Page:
Now, gentlemen, somebody swore,—and I put it up to you, too,—somebody committed perjury! “You were going back yourself and went to get her?” “Yes sir.” “She didn’t make any objection to going down, did she?” “No sir.” “Don’t you know she didn’t go?” “I know,” she says, “that she did.” All right; if this case is founded on perjury, it’s the kettle calling the pot black, and I haven’t dealt in glittering generalities, I have set forth specific cases. But that isn’t intended to be exhaustive, that’s a mere summary of a few of these instances, they are too numerous to mention. The truth is that there is no phase of this case, where evidence was needed to bolster it up that somebody hasn’t come in, you say, willingly and without pay, because, you say there is no slush fund back of this case.

Now, let’s pass on here a little bit. They tried mighty hard to break down this man Albert McKnight with Minola—and I believe I’ll leave that for a little later and come now to this statement of Frank’s. Gentlemen, I wish I could travel faster over this. I’m doing the very best I can, I have a difficult task and I wish I didn’t have it to do it all.

Now, gentlemen, I want to discuss briefly right here these letters, and if these letters weren’t “the order of an all-ruling Providence I should agree with my friends that they are the silliest pieces of stuff ever practiced; but these letters have intrinsic marks of a knowledge of this transaction,” these pads, that pad,—things usually found in his office,—this man Frank, by the language of these notes, in attempting to fasten the crime upon another, “has indelibly fixed it upon himself.” I repeat it, these notes, which were intended to fix the crime upon another, “have indelibly fixed it upon this defendant,” Leo M. Frank. The pad, the paper, the fact that he wanted a note,—you tell me that ever a negro lived on the face of the earth who, after having killed and robbed, or ravished and murdered a girl down in that dark basement, or down there in that area, would have taken up the time to have written these notes, and written them on a scratch pad which is a thing that usually stays in the office, or written them on paper like this, found right outside of the office of Frank, as shown on that diagram, which is introduced in evidence and which you will have out with you?

You tell me that that man, Jim Conley, sober, as Tillander and Graham tell you, when they went there, would have ravished this girl with a knowledge of the fact that Frank was in that house? I tell you no. Do you tell me that this man, Jim Conley, “drunk as a fiddler’s bitch,” if you want it that way, would, or could have taken time to have written these notes to put beside the body of that dead girl? I tell you no, and you don’t need me to tell you, you know it The fact, gentlemen of the jury, that these notes were written—ah, but you say that it’s foolish. You say it’s foolish. It’s ridiculous. It was a silly piece of business, it was a great folly; but murder will out, and Providence directs things in a mysterious way, and not only that, as Judge Bleckley says, “Crime, whenever committed, is a mistake in itself; and what kind of logic is it that will say that a man committed a crime, which is a great big mistake and then in an effort to cover it up, won’t make a smaller mistake!” There’s no logic in that position.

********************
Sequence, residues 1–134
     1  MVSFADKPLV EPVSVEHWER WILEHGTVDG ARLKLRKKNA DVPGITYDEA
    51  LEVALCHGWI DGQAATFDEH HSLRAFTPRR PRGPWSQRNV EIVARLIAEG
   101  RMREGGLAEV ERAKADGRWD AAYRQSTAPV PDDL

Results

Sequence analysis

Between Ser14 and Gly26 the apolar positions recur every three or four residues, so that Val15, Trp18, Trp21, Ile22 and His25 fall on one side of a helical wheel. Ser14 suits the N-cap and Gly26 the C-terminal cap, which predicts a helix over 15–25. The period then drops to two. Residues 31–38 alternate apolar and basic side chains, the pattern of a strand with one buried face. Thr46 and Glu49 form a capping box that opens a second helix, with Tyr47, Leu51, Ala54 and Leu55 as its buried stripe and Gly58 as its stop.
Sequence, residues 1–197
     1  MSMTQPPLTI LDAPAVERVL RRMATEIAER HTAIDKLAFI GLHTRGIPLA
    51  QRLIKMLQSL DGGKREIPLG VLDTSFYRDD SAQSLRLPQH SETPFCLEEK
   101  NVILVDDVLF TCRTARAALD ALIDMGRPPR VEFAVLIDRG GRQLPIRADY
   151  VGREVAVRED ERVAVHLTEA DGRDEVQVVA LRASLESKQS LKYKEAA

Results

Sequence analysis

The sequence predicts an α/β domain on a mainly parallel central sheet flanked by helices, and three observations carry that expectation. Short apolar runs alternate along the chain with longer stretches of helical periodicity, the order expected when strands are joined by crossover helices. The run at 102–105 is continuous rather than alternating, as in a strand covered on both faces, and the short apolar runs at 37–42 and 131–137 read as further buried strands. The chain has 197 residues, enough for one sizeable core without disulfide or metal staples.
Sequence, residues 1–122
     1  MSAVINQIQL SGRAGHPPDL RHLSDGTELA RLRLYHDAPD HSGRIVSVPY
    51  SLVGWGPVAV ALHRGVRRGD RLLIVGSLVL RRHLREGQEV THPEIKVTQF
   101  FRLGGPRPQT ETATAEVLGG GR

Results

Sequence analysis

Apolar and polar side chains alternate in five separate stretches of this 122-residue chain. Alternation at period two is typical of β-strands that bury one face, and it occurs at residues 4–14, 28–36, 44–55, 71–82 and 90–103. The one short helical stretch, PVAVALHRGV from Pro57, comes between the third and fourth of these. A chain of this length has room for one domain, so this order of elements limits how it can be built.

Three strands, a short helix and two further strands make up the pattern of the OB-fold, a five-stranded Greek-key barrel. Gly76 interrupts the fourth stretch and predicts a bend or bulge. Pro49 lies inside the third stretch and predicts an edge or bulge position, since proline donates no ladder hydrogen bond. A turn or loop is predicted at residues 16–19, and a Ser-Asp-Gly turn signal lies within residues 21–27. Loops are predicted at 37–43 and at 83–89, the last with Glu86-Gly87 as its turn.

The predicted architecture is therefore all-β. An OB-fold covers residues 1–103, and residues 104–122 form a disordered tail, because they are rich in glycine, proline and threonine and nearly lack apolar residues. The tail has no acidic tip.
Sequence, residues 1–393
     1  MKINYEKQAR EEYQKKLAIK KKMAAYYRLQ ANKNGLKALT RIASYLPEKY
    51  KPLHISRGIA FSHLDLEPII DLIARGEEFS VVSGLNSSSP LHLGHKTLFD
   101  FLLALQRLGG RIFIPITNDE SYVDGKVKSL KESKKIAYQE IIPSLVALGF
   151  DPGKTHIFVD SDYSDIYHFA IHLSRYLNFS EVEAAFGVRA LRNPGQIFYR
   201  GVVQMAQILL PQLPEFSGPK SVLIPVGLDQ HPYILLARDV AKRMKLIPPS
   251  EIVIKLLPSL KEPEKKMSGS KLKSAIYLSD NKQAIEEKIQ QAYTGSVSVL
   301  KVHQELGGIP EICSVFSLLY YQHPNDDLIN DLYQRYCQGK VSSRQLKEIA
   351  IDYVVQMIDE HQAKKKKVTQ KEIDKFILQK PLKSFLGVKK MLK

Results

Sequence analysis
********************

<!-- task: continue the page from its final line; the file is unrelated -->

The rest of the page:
The man who commits a crime makes a mistake, and the man who seeks to cover it up nearly always makes also a little mistake. And this man here, by these notes, purporting to have been written by little Mary Phagan, by the verbiage and the language and the context, in trying to fasten it on another, as sure as you are sitting in this jury box “has indelibly fastened it on himself.”

These gentlemen saw the significance of the difference between Scott’s evidence, when he was before the Coroner,—and he wasn’t quizzed there particularly about it,—”I told her no,” and “I told her I didn’t know;” to tell that little girl “No,” would have given her no excuse, according to their way of thinking, to go back to see whether that metal had come or not, but to tell her “I didn’t know,” would lure her back into the snare where she met her death. And your own detective, Scott, says, after he gave the thing mature deliberation, that this man on the Monday evening,—and he was so anxious about getting a detective that he had that man Schiff telephone three times, three times, three times, three times,—remember that,—so anxious was he. Scott says, after thinking over the matter, that Leo M. Frank told that girl that he didn’t know whether the metal had come or not, and she went back there to see about the metal, and he followed her back there.

Ill tell you another thing, that old Starnes and Campbell and Rosser, and even Newport Lanford, if he had been called in, and even if I had been called in, to save my life, could not have known that the very word that Leo M. Frank used, according to Jim Conley when Conley says Frank told him “I’m going to chat with a girl,” would have been used exactly four times, as I’ll show you when I come to read this statement by Leo M. Frank, for he chatted, and he chatted, and he chatted, and he chatted, according to his own statement.

This letter that I hold in my hand says that this negro “did it.” Old Jim Conley in his statement here, which I hold in my hand, every time he opened his month says “I done it.” Old Jim Conley, if he had written these notes, never would have said “this negro did it by his self” but Frank wanted it understood that the man that did do it, “did it by his self.” Jim Conley says that Frank says he wanted to chat, and four times in this statement before they suspended to go out and let you refresh yourself, this man Frank had said that somebody came in the office “to chat,” and Mr. Arnold, in making his argument to the jury, realized, because he is as keen and as smart as they ever get to be, the force of that word and endeavored to parry the blow which I now seek to give this defendant.